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Cardiovascular Psychiatry and Neurology
Volume 2013 (2013), Article ID 979185, 10 pages
Research Article

Sex Differences in Associations of Depressive Symptoms with Cardiovascular Risk Factors and Metabolic Syndrome among African Americans

1Northwest HSR&D Center of Excellence, VA Puget Sound Health Care System, 1100 Olive Way, Suite 1400, Seattle, WA 98101, USA
2Department of Health Services, University of Washington, Seattle, WA 98195, USA
3Department of Medicine, University of Washington, Seattle, WA 98195, USA
4Health Services and Epidemiology, University of Washington, Seattle, WA 98195, USA
5National Institute on Aging, National Institutes of Health, Baltimore, MD 21224, USA
6Department of Psychology, University of Maryland Baltimore County, Baltimore, MD 21250, USA
7Geriatric Research Education and Clinical Center, Baltimore VA Medical Center, Baltimore, MD 21201, USA

Received 30 May 2013; Revised 7 August 2013; Accepted 8 August 2013

Academic Editor: Janusz K. Rybakowski

Copyright © 2013 Denise C. Cooper et al. This is an open access article distributed under the Creative Commons Attribution License, which permits unrestricted use, distribution, and reproduction in any medium, provided the original work is properly cited.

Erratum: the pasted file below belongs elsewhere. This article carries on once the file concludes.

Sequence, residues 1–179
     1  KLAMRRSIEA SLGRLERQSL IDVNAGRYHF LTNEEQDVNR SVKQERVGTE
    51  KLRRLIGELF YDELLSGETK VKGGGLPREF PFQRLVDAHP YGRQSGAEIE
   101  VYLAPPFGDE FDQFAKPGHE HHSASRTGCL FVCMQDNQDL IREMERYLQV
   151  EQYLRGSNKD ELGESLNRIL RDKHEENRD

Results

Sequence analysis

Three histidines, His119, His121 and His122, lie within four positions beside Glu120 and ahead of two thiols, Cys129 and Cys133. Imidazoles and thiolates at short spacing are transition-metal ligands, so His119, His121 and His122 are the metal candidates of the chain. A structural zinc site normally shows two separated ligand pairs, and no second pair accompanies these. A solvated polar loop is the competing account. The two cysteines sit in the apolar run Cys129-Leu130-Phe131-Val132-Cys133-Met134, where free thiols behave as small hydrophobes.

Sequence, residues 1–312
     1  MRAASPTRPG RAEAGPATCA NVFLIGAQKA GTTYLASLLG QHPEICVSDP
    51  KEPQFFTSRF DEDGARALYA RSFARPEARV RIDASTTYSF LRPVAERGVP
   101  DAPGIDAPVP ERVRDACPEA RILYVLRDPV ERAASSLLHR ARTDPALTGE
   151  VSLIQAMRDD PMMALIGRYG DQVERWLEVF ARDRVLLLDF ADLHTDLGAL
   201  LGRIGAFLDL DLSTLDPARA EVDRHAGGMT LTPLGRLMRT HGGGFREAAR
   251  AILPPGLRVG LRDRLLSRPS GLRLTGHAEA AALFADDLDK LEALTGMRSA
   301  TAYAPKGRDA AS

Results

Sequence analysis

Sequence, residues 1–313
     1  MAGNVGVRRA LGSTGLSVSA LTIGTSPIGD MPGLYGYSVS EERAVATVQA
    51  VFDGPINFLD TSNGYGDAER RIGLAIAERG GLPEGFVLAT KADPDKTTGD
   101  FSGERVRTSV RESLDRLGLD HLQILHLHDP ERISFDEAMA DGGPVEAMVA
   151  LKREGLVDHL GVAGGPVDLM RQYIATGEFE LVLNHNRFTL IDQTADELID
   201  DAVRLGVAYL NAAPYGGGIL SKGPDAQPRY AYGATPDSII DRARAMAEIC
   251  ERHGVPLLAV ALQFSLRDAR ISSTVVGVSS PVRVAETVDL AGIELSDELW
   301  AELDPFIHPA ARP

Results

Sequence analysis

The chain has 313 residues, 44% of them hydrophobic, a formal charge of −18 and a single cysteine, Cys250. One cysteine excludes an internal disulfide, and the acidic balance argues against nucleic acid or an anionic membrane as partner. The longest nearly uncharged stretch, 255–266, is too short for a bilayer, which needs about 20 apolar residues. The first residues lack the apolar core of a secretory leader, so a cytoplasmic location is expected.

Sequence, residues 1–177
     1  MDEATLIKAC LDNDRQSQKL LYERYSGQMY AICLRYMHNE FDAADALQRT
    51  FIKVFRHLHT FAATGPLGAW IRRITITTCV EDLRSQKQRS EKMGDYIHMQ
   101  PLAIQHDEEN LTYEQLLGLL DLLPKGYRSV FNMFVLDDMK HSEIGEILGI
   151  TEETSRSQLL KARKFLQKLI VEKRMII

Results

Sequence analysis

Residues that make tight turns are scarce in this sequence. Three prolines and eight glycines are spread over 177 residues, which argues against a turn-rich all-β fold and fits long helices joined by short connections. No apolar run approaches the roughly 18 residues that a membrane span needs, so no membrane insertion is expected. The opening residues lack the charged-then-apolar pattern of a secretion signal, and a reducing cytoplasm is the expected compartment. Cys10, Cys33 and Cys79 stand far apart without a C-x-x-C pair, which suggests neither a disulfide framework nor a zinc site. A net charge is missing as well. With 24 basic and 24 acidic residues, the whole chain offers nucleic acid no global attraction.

Young to middle-aged women usually have notably lower rates of cardiovascular disease (CVD) than their male counterparts, but African American women lack this advantage. Their elevated CVD may be influenced by sex differences in associations between depressed mood and CVD risk factors. This cross-sectional study examined whether relations between scores on the Center for Epidemiologic Studies-Depression (CES-D) scale and a spectrum of CVD risk factors varied by sex among African Americans ( ; ages 30–64) from the Healthy Aging in Neighborhoods of Diversity across the Life Span (HANDLS) study. Sex-stratified multiple regressions and logistic regressions were conducted. Among women, CES-D scores correlated positively with systolic blood pressure and waist-to-hip ratio ( ), but inversely with high-density lipoprotein cholesterol (HDL-C) ( ). Women had twice the odds for metabolic syndrome if CES-D scores ≥16 and had a ≥14% increase in odds of hypertension, abdominal obesity, and low HDL-C with each 5-unit increase in CES-D scores. Among men, CES-D scores correlated positively with high-sensitivity C-reactive protein ( ), and odds of hypertension increased by 21% with each 5-unit increase in CES-D scores. Depressive symptoms may promote premature CVD risk in African Americans, at least in part, via CVD risk factors and prevalent metabolic syndrome, particularly in African American women.